Tribute & Memorial Gifts
Birthdays, anniversaries, graduations and
remembrances are all opportunities for you to share the wonderment
of Africa with a special person. By making a donation in their
name, you will demonstrate your thoughtfulness, express your feelings
of fondness, love and admiration while continuing to support our
Tribute & Memorial gifts may be made for
the amount of $20 or more. We will notify the recipient of your
gift by sending them your choice of beautiful gift card. Please
printout and complete the Tribute &
Memorial Gift Form, selecting one of the gift cards from below.
Once the African Conservancy receives the form, you card will
be promptly sent to its recipient.
(You will need Adobe's free
Reader to view this form.)
Tribute Card 1
This card is entitled "Village
Scene" and is a reproduction of a work by
an artist named Abala.
creates miniature impressionistic oil paintings, no larger
than an index card, and sells them mounted to an 8.5x11
sheet of paper folded in 4, to be used as cards. His work
is exceptional in its diminutive perfection, and his colors
and themes illustrate his love of home, traditions, and
We met Abala
as he sold his paintings/cards on the street and decided
to support him. We hope you will do the same.
Tribute Card 2
to us thanks to Julia Cassell
a Zambian-born artist who expresses herself through her
oils and watercolors. We found Ms.
Cassell's work staring at us enticingly from the
shelves at the Mercury Mail office and decided right then
and there that her work was just what we needed to illustrate
the beauty of African wildlife and to demonstrate the
level of artistic talent that can be found on the continent.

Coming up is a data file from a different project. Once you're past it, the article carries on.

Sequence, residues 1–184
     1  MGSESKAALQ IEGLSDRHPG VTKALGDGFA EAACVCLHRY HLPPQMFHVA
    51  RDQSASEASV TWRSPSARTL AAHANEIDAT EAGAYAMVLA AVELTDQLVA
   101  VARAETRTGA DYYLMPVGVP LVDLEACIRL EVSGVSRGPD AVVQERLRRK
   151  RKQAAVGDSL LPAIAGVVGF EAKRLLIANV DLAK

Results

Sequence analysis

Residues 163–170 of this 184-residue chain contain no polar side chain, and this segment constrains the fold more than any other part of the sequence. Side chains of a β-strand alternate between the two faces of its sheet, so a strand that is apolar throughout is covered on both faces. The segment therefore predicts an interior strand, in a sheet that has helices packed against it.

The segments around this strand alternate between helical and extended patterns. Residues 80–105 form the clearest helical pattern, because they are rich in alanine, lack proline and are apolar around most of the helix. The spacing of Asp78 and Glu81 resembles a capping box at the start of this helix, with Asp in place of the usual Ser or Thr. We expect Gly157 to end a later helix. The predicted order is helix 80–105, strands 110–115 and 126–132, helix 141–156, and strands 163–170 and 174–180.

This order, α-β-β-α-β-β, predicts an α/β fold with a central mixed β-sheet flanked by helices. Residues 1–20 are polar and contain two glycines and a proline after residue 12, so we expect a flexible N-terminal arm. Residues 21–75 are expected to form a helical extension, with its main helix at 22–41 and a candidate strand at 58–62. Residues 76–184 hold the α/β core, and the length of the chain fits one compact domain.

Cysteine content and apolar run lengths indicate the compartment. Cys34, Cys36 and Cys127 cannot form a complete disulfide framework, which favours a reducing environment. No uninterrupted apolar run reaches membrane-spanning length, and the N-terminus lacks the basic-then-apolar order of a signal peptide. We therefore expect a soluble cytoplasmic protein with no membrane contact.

work ranges in size from medium to large canvas, and we
do hope to offer some of her original works in our Gallery
in the not too distant future. In the interim, we will
feature several of Ms. Cassell's
masterly wildlife illustrations as tribute cards, and
we sincerely hope that you and your loved ones enjoy them.
The baobab tree
is an African icon and a symbol that, for many sub-Saharan
tribes, represents the Guardian of
the Spirits. Chiefs, medicine men and other tribal
dignitaries are often buried close the baobab with the
certainty that their souls will rest in piece under the
vigilant guardianship of this majectic tree.
is the work of Los Angeles artist, Kate
Cunningham who, at the request of the African Conservancy
founders kindly agreed to paint and donate an original
work, inspired by photographs taken in Africa by Conservancy
work is typified by a blend of boldness and sensitivity
and a brilliant use of color. We thank her for her beautiful
creation and are very greatful for her willingness to
help us honor our departed.
Conservancy is a 501(c)(3) nonprofit organization